Sen. Elbert Guillory, D-Opelousas, left, and Sen. Francis Thompson, D-Delhi. (Associated Press)
Last Modified: Wednesday, June 13, 2012 11:29 AM
BATON ROUGE (AP) — The Louisiana State Employees Retirement System hired a tax lawyer to review ramifications of a new 401(k)-style retirement plan for future rank-and-file employees hired starting in 2013.
LASERS Executive Director Cindy Rougeou told The Advocate that system leaders also are looking at whether they should file a lawsuit challenging the new plan that Gov. Bobby Jindal pushed as a way to shrink growth in retirement system debt.
"Do we have a duty as the fiduciary to seek a court opinion before we implement it?" Rougeou said.
The new plan, called a "cash balance" plan will operate similar to a private sector 401(k), except funds will be protected from investment losses. It will be the pension plan for all new state employees, except those in hazardous duty jobs, hired on or after July 1, 2013.
Lawmakers approved creation of the new plan in the just-ended legislative session.
Before the plan can begin, Rougeou said an inquiry must be made to the federal Social Security Administration to determine whether the plan would provide an equivalent benefit to Social Security. Otherwise, affected state employees would have to be enrolled in Social Security with required employee and employer contributions.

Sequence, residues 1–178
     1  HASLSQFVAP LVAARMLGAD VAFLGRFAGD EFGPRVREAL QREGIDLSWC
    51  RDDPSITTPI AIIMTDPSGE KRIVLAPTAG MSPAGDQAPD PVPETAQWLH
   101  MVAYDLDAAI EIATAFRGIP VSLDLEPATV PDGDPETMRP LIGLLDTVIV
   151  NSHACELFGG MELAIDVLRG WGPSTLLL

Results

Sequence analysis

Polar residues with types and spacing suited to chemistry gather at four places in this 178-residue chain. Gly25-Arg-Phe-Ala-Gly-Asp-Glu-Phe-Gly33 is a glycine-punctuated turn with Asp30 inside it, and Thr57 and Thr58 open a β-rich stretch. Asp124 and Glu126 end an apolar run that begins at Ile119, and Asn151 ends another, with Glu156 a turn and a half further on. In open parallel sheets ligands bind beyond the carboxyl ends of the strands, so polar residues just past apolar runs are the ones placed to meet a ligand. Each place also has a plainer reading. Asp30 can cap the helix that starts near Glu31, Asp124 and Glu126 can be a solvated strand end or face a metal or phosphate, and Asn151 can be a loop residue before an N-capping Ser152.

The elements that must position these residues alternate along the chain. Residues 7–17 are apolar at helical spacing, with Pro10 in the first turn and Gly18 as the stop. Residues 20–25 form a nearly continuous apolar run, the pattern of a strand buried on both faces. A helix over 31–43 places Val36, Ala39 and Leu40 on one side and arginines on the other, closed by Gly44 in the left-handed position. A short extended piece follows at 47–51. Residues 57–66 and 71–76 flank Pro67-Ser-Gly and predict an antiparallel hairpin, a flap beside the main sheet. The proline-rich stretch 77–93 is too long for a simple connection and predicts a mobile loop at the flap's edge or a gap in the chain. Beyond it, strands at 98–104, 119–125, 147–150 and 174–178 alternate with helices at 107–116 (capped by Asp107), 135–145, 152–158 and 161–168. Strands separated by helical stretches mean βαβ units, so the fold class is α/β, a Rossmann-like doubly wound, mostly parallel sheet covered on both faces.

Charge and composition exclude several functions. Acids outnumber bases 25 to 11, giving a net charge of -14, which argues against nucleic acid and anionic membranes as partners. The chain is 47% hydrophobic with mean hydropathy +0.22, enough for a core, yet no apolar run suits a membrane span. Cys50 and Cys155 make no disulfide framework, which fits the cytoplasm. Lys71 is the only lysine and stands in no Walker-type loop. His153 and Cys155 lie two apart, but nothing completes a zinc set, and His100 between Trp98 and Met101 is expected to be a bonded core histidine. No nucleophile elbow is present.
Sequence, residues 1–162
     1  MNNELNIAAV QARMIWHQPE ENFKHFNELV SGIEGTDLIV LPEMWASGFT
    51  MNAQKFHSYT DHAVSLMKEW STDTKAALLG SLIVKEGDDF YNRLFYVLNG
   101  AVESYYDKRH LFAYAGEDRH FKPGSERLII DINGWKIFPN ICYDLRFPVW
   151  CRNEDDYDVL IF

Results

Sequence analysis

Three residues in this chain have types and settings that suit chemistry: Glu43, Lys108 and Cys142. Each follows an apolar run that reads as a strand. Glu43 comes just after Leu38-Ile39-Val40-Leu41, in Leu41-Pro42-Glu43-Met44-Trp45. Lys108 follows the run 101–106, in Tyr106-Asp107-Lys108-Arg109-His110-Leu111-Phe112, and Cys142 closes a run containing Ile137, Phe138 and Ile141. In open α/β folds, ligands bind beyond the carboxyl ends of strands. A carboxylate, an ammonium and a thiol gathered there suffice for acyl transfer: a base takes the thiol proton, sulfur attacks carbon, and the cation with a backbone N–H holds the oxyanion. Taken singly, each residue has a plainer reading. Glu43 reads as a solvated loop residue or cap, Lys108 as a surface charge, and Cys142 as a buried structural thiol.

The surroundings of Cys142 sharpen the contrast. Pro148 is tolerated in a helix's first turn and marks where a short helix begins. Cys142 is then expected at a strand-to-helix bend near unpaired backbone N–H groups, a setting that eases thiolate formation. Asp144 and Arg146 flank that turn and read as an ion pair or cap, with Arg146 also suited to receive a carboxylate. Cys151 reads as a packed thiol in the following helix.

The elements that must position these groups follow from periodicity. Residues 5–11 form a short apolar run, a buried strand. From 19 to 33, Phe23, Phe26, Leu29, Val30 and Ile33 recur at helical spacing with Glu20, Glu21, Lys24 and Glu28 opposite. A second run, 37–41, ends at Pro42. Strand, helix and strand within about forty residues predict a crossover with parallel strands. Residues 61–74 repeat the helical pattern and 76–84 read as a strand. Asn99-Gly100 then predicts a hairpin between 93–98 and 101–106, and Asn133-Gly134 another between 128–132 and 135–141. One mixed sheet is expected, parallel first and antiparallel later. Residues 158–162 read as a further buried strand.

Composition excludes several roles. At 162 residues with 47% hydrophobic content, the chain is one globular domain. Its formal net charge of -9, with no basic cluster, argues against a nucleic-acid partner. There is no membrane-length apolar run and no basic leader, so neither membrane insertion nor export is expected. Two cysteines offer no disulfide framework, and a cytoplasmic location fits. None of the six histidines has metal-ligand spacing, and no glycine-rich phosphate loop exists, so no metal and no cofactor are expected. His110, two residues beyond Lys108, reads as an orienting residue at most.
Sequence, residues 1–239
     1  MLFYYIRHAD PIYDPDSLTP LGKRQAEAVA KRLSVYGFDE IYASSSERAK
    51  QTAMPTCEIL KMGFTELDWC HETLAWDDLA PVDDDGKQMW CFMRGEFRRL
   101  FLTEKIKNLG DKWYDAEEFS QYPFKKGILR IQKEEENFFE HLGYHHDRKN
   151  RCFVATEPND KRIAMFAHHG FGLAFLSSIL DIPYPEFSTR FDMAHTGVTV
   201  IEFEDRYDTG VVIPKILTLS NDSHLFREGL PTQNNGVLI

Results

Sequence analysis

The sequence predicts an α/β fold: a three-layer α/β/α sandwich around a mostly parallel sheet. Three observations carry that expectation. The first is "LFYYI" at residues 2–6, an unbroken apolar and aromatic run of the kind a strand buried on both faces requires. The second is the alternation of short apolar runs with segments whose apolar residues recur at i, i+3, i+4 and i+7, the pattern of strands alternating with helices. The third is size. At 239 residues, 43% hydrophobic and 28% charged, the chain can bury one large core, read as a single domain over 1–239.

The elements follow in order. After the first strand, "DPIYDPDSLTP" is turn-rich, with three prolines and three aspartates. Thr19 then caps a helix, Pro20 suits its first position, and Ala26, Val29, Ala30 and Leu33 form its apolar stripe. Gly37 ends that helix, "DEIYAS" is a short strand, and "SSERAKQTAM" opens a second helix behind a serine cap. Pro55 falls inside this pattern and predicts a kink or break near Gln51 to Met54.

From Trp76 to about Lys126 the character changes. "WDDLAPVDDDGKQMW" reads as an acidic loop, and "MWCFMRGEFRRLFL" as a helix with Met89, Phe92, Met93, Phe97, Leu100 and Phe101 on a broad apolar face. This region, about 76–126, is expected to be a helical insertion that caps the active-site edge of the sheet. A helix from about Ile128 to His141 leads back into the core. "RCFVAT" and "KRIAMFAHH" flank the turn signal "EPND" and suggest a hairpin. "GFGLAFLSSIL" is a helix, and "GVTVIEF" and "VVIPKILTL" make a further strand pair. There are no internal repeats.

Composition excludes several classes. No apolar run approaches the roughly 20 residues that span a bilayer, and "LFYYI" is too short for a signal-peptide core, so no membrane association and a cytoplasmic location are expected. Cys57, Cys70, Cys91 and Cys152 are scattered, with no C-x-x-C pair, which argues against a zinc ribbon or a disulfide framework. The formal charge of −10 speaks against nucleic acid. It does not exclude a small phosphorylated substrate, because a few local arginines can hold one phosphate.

Also, the IRS must determine whether the new plan will be tax-exempt.
"To get those determinations, it can be very expensive. Is that something the system is paying for?" Rougeou asked.
During the legislative session, the chairmen of the House and Senate retirement committees said they would send a joint letter to the IRS requesting a determination.
But Sen. Elbert Guillory, D-Opelousas, said they've since been advised that either the legislative auditor or the state treasurer should write the IRS letter.
Both the treasurer's office and Legislative Auditor Daryl Purpera said they would be willing to file the letter with the IRS if requested to do so.